Above and Beyond Customer Service: A Worthy Experience
Personal Training Director:
Put yourself in first place by putting your clients first!
Creating a great member experience is one of the key success factors for personal trainers. To differentiate yourself in an environment that is moving toward more regulation and codification, you must maintain unwavering focus and dedication. One way to demonstrate such commitment is by consistently providing an excellent experience for your clients, with clear concentration on achieving their goals. By offering great value, you make it easy for clients to justify your services as a worthwhile investment. Here are some universal keys to providing a “membercentric” experience.
Show Clear Value
As the industry has grown, consumers have become more discerning. They are aware that there are disparities in the competencies and qualifications of trainers. In this environment, you need to show the clear value of your offerings—which include your marketing materials, your dress code, the way you carry yourself, and other tangibles and intangibles that demonstrate your professionalism. Clients are always window-shopping, so if your marketing materials state “best trainer in town,” you had better have the packed schedule to back it up. If you advocate a cutting-edge training style, then you need to have the skill, training and knowledge that demonstrate mastery of that style. A client who feels taken for a ride by misleading advertising can quickly become an assassin to your business. If you can clearly and consistently demonstrate the value of your services, potential clients will have you in the front of their minds when they are ready to make a purchasing decision. To show value, look at all the areas where potential clients may connect with you—marketing, in-person, word-of-mouth referrals—and work to solidify the potential of each interaction.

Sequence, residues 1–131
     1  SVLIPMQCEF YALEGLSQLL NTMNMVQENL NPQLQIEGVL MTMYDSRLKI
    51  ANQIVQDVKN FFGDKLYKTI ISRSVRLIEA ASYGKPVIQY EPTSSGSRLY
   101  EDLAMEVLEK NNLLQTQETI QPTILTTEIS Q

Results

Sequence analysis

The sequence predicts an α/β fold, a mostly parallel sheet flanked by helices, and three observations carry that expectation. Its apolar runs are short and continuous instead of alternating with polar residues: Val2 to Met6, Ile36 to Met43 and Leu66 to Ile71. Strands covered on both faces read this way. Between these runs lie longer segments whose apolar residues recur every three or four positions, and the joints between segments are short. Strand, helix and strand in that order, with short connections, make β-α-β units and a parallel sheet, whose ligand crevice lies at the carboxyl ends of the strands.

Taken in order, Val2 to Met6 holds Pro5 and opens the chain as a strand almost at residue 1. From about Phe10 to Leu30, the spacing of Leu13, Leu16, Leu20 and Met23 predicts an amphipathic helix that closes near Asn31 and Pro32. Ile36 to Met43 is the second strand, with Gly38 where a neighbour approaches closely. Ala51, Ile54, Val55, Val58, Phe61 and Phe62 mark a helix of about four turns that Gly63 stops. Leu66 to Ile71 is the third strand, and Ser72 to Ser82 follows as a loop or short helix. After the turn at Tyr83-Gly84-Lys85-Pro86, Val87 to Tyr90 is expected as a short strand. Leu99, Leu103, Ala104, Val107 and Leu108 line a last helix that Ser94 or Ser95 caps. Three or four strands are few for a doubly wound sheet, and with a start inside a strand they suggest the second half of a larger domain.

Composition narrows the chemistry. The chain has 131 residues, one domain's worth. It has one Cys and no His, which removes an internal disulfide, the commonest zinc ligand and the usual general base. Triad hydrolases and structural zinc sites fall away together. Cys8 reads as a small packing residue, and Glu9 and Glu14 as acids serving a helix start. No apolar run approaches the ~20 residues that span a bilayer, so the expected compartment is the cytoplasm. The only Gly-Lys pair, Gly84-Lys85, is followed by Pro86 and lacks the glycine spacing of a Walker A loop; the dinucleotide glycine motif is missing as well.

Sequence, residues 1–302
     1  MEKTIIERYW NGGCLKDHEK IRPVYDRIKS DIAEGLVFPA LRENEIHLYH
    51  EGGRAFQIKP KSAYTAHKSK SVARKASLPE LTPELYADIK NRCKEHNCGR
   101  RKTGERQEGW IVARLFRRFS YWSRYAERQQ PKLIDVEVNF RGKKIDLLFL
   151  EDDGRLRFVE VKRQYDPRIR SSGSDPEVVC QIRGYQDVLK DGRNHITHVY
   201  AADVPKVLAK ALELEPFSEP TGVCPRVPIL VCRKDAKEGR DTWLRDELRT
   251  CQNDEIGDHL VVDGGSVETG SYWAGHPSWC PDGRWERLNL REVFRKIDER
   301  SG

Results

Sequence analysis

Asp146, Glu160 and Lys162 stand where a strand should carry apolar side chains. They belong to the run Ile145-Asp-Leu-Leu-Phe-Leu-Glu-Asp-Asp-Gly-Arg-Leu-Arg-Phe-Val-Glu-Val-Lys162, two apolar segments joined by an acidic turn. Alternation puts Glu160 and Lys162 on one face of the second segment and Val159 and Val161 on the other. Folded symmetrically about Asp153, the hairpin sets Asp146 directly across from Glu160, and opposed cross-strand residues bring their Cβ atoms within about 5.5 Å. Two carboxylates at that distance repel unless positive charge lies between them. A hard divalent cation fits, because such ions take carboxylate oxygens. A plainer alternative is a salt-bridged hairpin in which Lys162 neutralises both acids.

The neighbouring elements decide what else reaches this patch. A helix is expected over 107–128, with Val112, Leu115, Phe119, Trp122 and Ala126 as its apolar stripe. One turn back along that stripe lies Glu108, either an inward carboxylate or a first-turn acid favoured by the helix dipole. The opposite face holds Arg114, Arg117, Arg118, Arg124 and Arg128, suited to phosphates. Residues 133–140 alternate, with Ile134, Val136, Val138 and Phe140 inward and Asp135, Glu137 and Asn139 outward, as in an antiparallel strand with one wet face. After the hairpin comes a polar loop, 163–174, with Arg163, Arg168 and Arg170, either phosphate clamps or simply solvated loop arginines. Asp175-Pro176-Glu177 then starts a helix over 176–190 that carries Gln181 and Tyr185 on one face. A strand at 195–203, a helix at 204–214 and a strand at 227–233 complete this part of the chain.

Be the Gourmet Burger!
Accepting the fact that you are one of many in the facility and that potential clients have a choice is the first step in releasing yourself from the confines of self-doubt. Don’t focus on the flash or attitudes of the other trainers and try to benchmark or mimic their activity. Sure, you can adopt aspects of other trainers’ behaviors that match your style, but the main point is to be the best you, not to be a second-best someone else.
The reality is that we are all meals on a menu, and some clients will connect with other trainers’ attitudes or styles, while plenty of others will want what you offer, with no substitutions! Picture the scene: you walk into a restaurant, open the menu, and all you see is milkshakes. Would you go ahead and order? Probably not, unless you came in looking for a shake. Stamp your own style, show your attitude, be your own trainer, and become the gourmet burger on the menu! Members who want that choice will see you on the menu and choose your services.
Label Yourself With a Reputation for Excellent Service